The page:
Radio must deliver content in new ways, RadioAsia told
Radio can survive by delivering its content in new ways and cultivating audience interaction, the President Director of Radio Republik Indonesia (RRI), Dr I Hendrasmo, has said.
Speaking at the ABU’s 2022 RadioAsia conference in Kuala Lumpur on 5 September, he said he had confidence in the future of radio because it could enhance culture.
Traditional radio listening in Indonesia had decreased by 37 percentage points, from 50 percent to 13 percent, while internet usage had dramatically increased, he said. So RRI had increased its services on new platforms to continue to deliver its mission.
David Hua, the Director of Language and Audience Services at SBS Australia, said there were similar sobering statistics in most countries, but it came down to how one defined the word radio.
“People are connected to radio in different ways. Linear broadcast radio is still important to many, especially those who cannot connect via internet and data, while other types of new radio content connect in different ways.”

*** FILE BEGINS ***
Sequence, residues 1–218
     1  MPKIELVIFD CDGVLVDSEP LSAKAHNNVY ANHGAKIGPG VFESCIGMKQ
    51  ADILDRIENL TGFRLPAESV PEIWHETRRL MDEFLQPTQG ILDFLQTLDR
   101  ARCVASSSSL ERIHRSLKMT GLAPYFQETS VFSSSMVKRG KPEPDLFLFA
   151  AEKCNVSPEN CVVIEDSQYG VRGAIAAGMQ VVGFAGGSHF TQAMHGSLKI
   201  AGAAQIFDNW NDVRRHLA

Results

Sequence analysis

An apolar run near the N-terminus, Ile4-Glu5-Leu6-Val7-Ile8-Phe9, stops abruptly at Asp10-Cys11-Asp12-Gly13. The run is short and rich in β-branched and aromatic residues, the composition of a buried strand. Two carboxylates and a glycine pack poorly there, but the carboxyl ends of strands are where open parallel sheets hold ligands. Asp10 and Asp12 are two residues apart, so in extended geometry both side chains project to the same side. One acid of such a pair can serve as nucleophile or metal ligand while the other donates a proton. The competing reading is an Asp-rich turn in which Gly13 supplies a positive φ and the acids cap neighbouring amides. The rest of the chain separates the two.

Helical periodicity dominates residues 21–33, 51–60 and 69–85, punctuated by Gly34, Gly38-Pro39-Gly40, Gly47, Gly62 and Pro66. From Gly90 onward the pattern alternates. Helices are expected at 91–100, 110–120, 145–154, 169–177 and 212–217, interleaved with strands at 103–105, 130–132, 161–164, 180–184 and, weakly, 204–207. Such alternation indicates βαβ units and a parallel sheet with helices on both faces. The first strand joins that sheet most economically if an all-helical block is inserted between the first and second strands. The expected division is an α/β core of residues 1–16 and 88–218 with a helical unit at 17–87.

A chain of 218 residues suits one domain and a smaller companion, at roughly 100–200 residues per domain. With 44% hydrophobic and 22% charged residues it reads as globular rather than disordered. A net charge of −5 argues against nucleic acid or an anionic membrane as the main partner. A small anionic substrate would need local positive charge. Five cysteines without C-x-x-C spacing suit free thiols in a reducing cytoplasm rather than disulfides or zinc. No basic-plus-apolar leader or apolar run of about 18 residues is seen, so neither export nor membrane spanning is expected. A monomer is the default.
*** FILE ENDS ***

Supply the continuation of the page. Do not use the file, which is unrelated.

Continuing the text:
Sanjiv Dosajh, Assistant Director General of Programmes at All India Radio, talked about the huge diversity of languages, geographies and cultures in India.
A challenge for radio was to keep reaching the younger population, he said. “They are shifting to web radio and social media platforms so we are developing new programmes on new platforms for them.”
Dan Santa, the Director of International Relations at Radio Romania, said radio had an important public mission and as long as it continued to fulfil this mission there would be a well-defined future for radio.
Keith Williams, Vice President of RCS Asia Pacific, said radio had succeeded to this point because of the content and nothing had changed about that despite different means of delivery.